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The Greatest Material Ever Invented. Starlite Revisited

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posted on Jul, 5 2016 @ 05:01 AM
Imagine if you will a material with the improbable moniker ‘Starlite’.

A material which has supposed heat-resisting properties which border on near miraculous, allegedly which could resist the force of 75 Hiroshimas, or could be heated to 10 000 degrees Celsius.

A material invented by a former hairdresser and amateur chemist who ran a small plastics business, and made from (supposedly) everyday materials. A material which could revolutionise fireproofing, space travel, military applications and many other applications, just about anything one can think of which requires a thermal shielding material.

Not the first time this is discussed on ATS, excellent threads about Starlite can be found here and here.


Under tests, Starlite was claimed to be able to withstand attack by a laser beam that could produce a temperature of 10,000 degrees Celsius (Starlite may have reflected part of the beam, however, which would have lowered the temperature). Live demonstrations on Tomorrow's World and BBC Radio 4 showed that Starlite could keep an egg (coated in the material) raw, and cold enough to be picked up with a bare hand, even after five minutes of blowtorch attack. It would also prevent a blowtorch from damaging a human hand.

It feels and looks like nothing much, but holding this nondescript piece of plastic would be, to the world's defence and scientific community, somewhat of a privilege. Starlite, invented by the white-bearded, suited Ward, has been described as astonishing; impossible; miraculous. It has changed assumptions about thermodynamics and physics. It can resist temperatures that would melt diamonds, threefold. 'If it is what it seems,' says Toby Greenbury, a partner at law firm Mischon de Reya and Ward's lawyer for 20 years, 'it will be of enormous benefit to mankind. It's very difficult to think of another invention that is bigger in its implications.' As a fire-retardant, thermal barrier or heat-resistant coating, Starlite could change the world.

The famous egg test.

Maurice on 60 Minutes.

So what happened to this material that seems so revolutionary as to have the potential to create an almost fireproof world? Maurice White did not want to give up the controlling interest in his material, and seemed a difficult man to deal with.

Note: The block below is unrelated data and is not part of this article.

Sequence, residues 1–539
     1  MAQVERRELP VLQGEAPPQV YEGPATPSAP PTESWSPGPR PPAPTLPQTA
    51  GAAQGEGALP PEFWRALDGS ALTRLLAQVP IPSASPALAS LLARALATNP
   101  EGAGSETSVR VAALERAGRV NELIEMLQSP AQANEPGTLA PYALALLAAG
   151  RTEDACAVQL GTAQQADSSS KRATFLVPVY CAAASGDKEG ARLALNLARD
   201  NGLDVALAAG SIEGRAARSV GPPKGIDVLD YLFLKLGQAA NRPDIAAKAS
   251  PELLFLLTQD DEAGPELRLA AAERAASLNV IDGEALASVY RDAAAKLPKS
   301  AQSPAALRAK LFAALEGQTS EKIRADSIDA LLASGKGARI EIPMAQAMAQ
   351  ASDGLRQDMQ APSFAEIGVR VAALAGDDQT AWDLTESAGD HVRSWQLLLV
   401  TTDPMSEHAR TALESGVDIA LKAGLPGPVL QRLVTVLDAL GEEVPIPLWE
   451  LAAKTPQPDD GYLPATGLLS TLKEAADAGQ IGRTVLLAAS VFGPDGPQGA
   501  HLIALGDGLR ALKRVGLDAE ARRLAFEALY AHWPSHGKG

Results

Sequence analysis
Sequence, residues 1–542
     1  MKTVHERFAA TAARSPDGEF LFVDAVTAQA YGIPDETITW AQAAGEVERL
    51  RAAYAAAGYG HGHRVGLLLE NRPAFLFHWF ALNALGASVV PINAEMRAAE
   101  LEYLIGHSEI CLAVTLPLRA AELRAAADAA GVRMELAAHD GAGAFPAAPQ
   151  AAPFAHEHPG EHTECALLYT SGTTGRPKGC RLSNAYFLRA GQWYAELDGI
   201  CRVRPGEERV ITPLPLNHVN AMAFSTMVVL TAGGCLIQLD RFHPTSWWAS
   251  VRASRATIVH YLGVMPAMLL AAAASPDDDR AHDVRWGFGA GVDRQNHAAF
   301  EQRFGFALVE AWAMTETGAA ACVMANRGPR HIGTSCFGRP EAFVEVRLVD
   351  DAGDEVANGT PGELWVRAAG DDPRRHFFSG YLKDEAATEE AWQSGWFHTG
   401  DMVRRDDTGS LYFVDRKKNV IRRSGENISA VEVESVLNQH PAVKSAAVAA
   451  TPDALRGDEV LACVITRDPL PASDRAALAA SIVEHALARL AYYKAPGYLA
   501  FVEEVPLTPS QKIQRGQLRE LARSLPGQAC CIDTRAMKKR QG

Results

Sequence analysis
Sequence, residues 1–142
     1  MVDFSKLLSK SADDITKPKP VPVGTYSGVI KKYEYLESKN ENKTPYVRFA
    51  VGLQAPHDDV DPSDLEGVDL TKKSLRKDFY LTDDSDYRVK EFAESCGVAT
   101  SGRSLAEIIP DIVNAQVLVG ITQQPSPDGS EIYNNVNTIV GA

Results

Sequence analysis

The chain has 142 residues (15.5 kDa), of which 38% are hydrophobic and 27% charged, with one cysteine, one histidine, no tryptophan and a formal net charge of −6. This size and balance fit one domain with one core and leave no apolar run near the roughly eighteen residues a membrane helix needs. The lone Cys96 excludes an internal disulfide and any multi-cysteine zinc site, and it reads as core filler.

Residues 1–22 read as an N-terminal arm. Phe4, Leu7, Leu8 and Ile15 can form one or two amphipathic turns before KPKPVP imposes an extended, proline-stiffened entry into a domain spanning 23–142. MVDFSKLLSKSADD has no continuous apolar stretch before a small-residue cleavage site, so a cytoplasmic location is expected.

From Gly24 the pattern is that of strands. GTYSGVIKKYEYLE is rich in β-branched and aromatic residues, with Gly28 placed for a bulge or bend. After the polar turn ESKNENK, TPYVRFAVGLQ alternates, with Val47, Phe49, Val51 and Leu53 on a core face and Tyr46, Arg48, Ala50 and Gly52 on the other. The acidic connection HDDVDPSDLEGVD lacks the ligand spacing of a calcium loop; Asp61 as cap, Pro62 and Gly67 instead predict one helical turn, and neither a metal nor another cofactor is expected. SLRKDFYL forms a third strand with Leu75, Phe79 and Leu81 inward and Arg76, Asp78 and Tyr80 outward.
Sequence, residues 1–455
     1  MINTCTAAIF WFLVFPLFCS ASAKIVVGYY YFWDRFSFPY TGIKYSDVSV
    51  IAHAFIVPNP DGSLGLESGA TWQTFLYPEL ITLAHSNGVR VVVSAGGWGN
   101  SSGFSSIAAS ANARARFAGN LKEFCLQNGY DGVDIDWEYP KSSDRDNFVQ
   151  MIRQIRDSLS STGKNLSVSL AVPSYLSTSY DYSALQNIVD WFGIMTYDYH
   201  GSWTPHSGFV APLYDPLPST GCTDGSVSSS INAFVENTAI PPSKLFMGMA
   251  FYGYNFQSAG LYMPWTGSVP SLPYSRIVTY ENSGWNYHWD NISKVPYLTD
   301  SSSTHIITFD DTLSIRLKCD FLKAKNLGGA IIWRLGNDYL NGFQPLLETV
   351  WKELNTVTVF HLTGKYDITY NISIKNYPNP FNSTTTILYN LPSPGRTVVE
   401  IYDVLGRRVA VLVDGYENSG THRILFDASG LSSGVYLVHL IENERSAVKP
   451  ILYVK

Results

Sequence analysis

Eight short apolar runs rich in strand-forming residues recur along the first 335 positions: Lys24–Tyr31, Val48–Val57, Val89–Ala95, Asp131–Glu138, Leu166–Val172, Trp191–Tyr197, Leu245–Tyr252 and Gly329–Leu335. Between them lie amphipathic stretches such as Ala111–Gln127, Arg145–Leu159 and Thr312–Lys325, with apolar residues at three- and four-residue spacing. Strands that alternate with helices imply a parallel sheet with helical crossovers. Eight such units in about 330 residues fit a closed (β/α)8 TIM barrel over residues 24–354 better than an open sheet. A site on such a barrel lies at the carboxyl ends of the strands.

On a 1990 episode of the BBC TV show Tomorrow's World, presenter Peter McCann showed off a new plastic named "Starlite" in a rather unusual way: by pointing blowtorches at a pair of eggs. While one egg shattered in seconds, the other stolidly bore the heat, glowing red hot as the flame hit it for minutes on end. More surprisingly, the egg's shell was no more than warm to the touch after the blowtorch was removed, and when cracked open hadn't even begun to cook. This egg was coated with Starlite, a plastic developed by Maurice Ward who was an eccentric former hairdresser from Hartlepool, northern England.

An article in New Scientist describes how Ward negotiated with the British Department of Defence, Boeing, and even NASA but gained a reputation for being impossible to negotiate with, asking for "£1 million one day, then £10 million the next." He was understandably self-conscious that he might be unable to protect his property in court when fighting with some of the world's biggest companies. His belief in the product never diminished, though, with him even approaching BP to suggest that his material couldsolve the Deepwater Horizon crisis.

Ward died in 2011 without ever commercializing or patenting his revolutionary material. He suggested in an interview with Utah-based K-Talk radio that his family might hold the key to this strong, heat-proof and non-toxic plastic, but they've been quiet on their plans ever since his passing.

So why are the family quiet? Was Starlite bought up by the military on the sly and made classified? Does Aerogel bear any resemblance to Starlite?

Although an anonymous comment on the Guardian’s website, this comment is of interest

Having read a recent article on Mr Ward I've decided to leave a brief & factual synopsis of why Mr Ward's product never came to fruition. Mr Ward came to my lab about a year before his death needing help to turn what was essentially a party trick into a useable & commercialy viable product. The problem he had was although the powder component did exactly as it said on the tin, he had found no way of applying a lasting coating. All he really has was some powder mixed with PVA glue, the problem being that although you could apply it to certain objects it's longevity was no more than 2 weeks. While testing we discovered that a sample he'd kept for almost 10 years could be destroyed in a matter of minutes under a methylacetylene-propadiene propane blowtorch. Unfortunately after many samples & tests we where unable to find a effective application method & we parted company on good terms. Sadly this is the true reason why Mr Ward was never able to sell or bring his incomplete product to market. But rest assured, as of this time I can say that there is at least 1 complete & superior product in testing, testing that so far is going remarkably well.

Anon, London GB

Alternative, was Starlite a hoax?